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am 15. Mai 2000
The first word that comes to mind when I think about Giovanni's Room is "poetic." Each word is thoughtfully placed in each sentence, creating a narrative that reflects not only the profound intellectualism of Baldwin, but also his sensitivity and depth as a human being. GIOVANNI's ROOM has established itself as an important queer novel. First published over 40 years ago, it captures the life of an expatriate, David, in Paris, and reveals his transformation. His transformation is multilayered, a complex and dynaic affair, yet the most obvious, and arguably, important one, is his sexual metamorphosis--brought about by Giovanni. The relevance of this novel is that most of us can empathize with David's struggle. How could we not? Balwin's words are rich and compelling. It lifted me from my reality into David's, and by the end of the novel (the last two sentences, I've read 1000 times), I felt like I knew exactly what David had gone through, because I was there with him, and because I'd been there in my own life as well.
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am 22. März 2008
If one thinks of the expatriates,Americans in preferably, Paris, before the midst of the last century, one usually thinks of the likes of Hemingway,inscrutably sipping away at his coffee, in some sidewalk Parisian café.
One would not think of a gay,black writer, who's first book told of his religious upbringing in Harlem at the time.
And that is quite the pity, for where for example,Somerset Maugham, failed in the open depiction of his character's homosexuality, Baldwin thematizes it.
And yet it is not just a book about gay life in Paris at the time.
Or a sappy love story between men.
It is a reflection on love,true love, life, destiny,the choices in life one makes..and a very intense study of character.
And yet it is less political or hypothetical than truly heart wrenching.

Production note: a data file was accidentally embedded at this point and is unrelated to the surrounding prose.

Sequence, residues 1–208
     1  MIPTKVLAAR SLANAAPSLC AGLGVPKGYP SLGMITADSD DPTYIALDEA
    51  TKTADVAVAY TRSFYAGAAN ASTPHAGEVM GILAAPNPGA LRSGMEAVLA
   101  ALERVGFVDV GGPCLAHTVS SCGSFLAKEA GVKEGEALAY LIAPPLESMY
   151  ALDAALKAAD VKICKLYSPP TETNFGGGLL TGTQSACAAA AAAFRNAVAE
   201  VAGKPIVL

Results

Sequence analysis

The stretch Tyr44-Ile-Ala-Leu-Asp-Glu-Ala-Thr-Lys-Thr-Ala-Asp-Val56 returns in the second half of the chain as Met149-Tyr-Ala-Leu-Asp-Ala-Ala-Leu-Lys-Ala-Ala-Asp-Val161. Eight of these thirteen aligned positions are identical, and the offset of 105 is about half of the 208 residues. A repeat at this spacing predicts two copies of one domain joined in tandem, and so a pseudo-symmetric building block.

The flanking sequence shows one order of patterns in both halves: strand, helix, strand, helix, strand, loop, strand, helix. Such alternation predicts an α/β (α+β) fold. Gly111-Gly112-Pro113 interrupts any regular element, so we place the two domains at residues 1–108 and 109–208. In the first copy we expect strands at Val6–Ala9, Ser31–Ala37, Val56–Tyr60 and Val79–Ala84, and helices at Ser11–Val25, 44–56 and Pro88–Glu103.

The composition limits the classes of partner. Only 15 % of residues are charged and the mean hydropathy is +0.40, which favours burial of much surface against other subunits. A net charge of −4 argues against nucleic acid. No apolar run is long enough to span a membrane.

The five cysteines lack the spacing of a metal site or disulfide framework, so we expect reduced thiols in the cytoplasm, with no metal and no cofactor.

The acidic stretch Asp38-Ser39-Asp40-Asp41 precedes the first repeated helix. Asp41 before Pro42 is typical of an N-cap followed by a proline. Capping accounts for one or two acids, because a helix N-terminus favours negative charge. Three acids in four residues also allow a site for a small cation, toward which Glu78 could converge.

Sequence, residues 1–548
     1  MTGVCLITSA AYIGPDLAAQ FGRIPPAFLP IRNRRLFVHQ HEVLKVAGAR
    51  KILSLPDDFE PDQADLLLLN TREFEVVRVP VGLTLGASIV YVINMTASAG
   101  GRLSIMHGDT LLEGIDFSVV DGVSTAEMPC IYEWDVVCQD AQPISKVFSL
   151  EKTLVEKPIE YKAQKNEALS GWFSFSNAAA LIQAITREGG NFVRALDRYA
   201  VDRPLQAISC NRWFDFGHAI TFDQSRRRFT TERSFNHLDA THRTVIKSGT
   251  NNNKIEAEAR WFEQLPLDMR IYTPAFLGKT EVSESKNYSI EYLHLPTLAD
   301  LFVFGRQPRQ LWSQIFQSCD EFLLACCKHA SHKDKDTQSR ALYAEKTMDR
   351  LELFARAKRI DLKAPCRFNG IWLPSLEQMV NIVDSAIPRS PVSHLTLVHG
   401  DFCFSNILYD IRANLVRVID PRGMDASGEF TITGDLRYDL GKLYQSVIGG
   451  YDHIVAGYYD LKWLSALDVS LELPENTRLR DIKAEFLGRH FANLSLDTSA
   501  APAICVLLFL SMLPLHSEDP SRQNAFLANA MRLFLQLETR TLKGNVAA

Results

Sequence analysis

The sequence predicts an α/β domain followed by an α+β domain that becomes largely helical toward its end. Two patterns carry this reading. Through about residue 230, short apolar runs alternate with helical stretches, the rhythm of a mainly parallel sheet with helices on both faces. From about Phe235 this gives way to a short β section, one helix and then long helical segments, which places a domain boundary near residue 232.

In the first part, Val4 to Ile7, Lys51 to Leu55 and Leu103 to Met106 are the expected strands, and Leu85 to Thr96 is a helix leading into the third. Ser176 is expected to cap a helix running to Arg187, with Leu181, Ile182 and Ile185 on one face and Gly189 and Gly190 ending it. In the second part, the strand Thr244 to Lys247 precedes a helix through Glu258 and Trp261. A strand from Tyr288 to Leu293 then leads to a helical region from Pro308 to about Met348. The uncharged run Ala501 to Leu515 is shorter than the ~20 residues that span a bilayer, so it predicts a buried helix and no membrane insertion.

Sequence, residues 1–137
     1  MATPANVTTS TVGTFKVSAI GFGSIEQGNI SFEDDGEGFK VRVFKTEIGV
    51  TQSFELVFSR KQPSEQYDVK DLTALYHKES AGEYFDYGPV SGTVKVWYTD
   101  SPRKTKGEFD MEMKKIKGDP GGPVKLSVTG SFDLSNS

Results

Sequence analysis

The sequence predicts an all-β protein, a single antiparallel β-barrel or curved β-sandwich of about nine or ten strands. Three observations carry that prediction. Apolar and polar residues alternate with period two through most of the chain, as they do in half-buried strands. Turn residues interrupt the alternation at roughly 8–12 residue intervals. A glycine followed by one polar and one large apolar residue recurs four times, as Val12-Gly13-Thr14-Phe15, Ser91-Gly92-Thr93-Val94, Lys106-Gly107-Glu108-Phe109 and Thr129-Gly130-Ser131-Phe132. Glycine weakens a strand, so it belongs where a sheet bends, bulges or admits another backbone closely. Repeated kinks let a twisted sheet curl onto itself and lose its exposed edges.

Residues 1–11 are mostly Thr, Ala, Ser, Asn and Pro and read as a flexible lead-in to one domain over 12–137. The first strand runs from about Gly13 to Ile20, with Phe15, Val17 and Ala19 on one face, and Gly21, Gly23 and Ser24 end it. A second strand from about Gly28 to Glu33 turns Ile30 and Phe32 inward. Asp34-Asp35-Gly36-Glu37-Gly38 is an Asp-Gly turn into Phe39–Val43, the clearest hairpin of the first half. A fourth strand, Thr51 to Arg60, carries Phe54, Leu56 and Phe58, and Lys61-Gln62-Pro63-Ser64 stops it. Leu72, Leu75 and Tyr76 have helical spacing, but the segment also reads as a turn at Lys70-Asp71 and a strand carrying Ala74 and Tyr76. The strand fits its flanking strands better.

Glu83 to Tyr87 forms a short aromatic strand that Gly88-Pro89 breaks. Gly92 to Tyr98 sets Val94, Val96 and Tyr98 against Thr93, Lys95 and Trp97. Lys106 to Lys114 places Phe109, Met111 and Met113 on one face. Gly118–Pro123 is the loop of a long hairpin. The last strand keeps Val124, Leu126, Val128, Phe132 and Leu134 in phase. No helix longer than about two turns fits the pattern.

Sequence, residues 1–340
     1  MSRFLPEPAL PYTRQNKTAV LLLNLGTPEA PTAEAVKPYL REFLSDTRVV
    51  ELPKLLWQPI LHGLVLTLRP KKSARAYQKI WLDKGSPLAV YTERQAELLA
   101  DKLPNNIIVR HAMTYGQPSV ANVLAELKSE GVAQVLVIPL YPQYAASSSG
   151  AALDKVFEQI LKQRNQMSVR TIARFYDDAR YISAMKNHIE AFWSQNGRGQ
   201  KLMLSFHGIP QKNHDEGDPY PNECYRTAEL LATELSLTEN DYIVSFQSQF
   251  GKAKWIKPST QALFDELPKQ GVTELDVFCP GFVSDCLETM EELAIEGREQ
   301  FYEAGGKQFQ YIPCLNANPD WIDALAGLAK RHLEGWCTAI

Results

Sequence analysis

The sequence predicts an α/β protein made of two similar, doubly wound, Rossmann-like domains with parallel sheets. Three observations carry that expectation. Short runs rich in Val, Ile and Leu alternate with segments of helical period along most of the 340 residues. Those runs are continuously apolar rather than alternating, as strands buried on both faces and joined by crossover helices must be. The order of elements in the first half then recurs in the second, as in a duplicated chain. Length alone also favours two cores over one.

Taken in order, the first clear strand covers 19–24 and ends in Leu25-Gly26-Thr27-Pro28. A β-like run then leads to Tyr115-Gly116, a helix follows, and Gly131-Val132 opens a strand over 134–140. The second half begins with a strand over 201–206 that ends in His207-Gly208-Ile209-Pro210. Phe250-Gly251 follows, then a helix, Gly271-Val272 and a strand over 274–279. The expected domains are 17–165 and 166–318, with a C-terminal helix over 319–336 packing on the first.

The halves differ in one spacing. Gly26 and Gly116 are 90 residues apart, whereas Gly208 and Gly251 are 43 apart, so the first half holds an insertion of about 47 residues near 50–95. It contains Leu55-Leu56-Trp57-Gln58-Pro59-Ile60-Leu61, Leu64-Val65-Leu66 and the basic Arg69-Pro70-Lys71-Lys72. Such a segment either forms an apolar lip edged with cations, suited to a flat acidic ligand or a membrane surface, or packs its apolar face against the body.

And in that point Baldwin gains over Maugham and mostly even Hemingway, emotion...it is great writing, so good, it hurts.
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am 4. September 1999
I had heard a lot of hype about this novel, but it just didn't live up to it. I have to say that I agree with the reviewer who said that this book gets praise because the characters are white. While Baldwin does deal with some fundamental relationship issues, his knowledge of audience -to be blunt-- believing that only white gays read books in the 50's- leaves the book hollow at it's core. I was always told that great literature comes from finding the universal in the specific, and Baldwin can't find the specific here because he is too afraid to present inner thoughts that could have lifted this novel up.
To the other reviewer, color does have a lot to do with Baldwin's literature, and it does influence his writing. I am an amatuer Baldwin scholar, and I know his workd well, race should have been in this book. The fact that it is absent here, to me, says that his heart was not fully in this novel, only his head. And that's not great literature.
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am 14. Mai 2000
Giovanni's Room was an excellent book about how society affects peoples lives. It tells the horrific tale of a man unsure of his sexual orientation and what he thinks is normal and not. Daivd isn't sure whether he should conform to society's standards or follow his heart. It a great story of the gradually deterioration of the human soul. Read It!